Carbohydrate Mouth Rinsing Enhances High Intensity Time Trial Performance Following Prolonged CyclingReportar como inadecuado


Carbohydrate Mouth Rinsing Enhances High Intensity Time Trial Performance Following Prolonged Cycling


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Human Performance Lab, Department of Kinesiology, James Madison University, Harrisonburg, VA 22807, USA





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Abstract There is good evidence that mouth rinsing with carbohydrate CHO solutions can enhance endurance performance ≥30 min. The impact of a CHO mouth rinse on sprint performance has been less consistent, suggesting that CHO may confer benefits in conditions of ‘metabolic strain’. To test this hypothesis, the current study examined the impact of late-exercise mouth rinsing on sprint performance. Secondly, we investigated the effects of a protein mouth rinse PRO on performance. Eight trained male cyclists participated in three trials consisting of 120 min of constant-load cycling 55% Wmax followed by a 30 km computer-simulated time trial, during which only water was provided. Following 15 min of muscle function assessment, 10 min of constant-load cycling 3 min at 35% Wmax, 7 min at 55% Wmax was performed. This was immediately followed by a 2 km time trial. Subjects rinsed with 25 mL of CHO, PRO, or placebo PLA at min 5:00 and 14:30 of the 15 min muscle function phase, and min 8:00 of the 10-min constant-load cycling. Magnitude-based inferential statistics were used to analyze the effects of the mouth rinse on 2-km time trial performance and the following physiological parameters: Maximum Voluntary Contract MVC, Rating of Perceived Exertion RPE, Heart Rate HR, and blood glucose levels. The primary finding was that CHO ‘likely’ enhanced performance vs. PLA 3.8%, whereas differences between PRO and PLA were unclear 0.4%. These data demonstrate that late-race performance is enhanced by a CHO rinse, but not PRO, under challenging metabolic conditions. More data should be acquired before this strategy is recommended for the later stages of cycling competition under more practical conditions, such as when carbohydrates are supplemented throughout the preceding minutes-hours of exercise. View Full-Text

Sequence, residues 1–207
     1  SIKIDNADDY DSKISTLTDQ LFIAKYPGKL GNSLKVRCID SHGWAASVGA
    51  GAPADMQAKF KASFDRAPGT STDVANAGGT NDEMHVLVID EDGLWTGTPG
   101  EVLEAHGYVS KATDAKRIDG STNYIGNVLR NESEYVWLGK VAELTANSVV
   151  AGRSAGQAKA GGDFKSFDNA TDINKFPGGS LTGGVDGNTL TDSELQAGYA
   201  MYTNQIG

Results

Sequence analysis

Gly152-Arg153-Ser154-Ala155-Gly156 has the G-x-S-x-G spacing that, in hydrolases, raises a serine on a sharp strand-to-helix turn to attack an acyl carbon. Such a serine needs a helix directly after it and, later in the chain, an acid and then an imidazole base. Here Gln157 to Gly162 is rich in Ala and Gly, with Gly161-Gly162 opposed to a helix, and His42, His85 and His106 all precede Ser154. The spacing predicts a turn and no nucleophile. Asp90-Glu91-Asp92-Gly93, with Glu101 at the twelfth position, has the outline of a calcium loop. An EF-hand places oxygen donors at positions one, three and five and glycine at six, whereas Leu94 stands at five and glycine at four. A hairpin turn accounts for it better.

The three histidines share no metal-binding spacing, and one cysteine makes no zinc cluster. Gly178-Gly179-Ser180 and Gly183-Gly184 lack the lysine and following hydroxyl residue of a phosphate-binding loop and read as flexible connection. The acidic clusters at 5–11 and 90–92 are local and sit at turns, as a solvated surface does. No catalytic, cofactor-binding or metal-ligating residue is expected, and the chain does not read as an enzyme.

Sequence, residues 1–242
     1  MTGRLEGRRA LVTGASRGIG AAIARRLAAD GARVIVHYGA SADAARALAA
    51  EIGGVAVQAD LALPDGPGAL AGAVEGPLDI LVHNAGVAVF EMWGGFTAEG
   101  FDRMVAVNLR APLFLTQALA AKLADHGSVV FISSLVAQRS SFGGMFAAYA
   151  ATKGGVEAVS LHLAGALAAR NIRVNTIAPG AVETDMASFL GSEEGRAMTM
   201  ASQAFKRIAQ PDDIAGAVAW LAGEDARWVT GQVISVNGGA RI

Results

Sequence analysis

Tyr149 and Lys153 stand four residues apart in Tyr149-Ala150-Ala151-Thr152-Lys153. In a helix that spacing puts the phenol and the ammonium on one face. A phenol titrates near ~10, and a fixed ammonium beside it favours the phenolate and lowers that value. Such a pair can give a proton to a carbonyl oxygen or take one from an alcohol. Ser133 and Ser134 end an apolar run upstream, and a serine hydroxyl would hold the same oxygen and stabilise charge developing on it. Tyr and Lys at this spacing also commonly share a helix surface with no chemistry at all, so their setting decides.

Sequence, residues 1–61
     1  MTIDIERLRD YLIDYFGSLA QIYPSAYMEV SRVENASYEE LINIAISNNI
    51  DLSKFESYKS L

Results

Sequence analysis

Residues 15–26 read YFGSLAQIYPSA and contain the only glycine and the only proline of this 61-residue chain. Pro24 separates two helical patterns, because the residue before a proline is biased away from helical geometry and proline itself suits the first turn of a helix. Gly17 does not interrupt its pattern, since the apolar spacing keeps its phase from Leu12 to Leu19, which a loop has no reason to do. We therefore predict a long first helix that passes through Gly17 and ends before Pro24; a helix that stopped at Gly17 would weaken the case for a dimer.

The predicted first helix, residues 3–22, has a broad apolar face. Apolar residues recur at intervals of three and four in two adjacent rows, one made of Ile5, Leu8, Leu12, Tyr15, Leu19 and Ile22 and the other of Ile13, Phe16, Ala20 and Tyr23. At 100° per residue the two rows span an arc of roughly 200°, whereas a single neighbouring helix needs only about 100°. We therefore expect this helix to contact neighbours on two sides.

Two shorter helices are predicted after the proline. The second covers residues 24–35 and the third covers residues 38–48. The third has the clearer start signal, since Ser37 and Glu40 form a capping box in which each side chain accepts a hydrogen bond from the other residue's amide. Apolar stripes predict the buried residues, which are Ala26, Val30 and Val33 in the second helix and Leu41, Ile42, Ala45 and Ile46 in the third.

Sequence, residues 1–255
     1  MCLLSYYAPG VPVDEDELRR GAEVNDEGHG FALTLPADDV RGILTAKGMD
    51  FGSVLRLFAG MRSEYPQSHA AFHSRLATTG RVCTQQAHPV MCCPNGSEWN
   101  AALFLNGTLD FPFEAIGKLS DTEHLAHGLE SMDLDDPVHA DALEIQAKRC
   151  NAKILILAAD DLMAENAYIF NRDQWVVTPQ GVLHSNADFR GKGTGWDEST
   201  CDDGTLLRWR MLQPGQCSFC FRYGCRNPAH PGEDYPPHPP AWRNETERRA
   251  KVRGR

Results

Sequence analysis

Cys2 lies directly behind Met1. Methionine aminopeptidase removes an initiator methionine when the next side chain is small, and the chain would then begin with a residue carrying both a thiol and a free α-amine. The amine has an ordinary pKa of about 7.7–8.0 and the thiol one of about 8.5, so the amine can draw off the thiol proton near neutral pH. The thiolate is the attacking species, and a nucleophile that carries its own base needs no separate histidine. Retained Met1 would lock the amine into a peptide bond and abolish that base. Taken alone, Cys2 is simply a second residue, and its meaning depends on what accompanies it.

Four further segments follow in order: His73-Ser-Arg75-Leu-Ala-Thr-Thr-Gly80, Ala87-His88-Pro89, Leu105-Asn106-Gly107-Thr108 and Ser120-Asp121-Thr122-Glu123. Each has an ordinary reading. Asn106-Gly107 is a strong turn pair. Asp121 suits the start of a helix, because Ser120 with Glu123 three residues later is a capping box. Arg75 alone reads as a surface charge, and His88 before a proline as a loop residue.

Keywords: cycling; endurance performance; maltodextrin; mouth wash; oralpharyngeal receptor; whey protein cycling; endurance performance; maltodextrin; mouth wash; oralpharyngeal receptor; whey protein





Autor: Nicholas D. Luden * , Michael J. Saunders, Andrew C. D’Lugos, Mark W. Pataky, Daniel A. Baur, Caitlin B. Vining and Adam B. Schroer

Fuente: http://mdpi.com/



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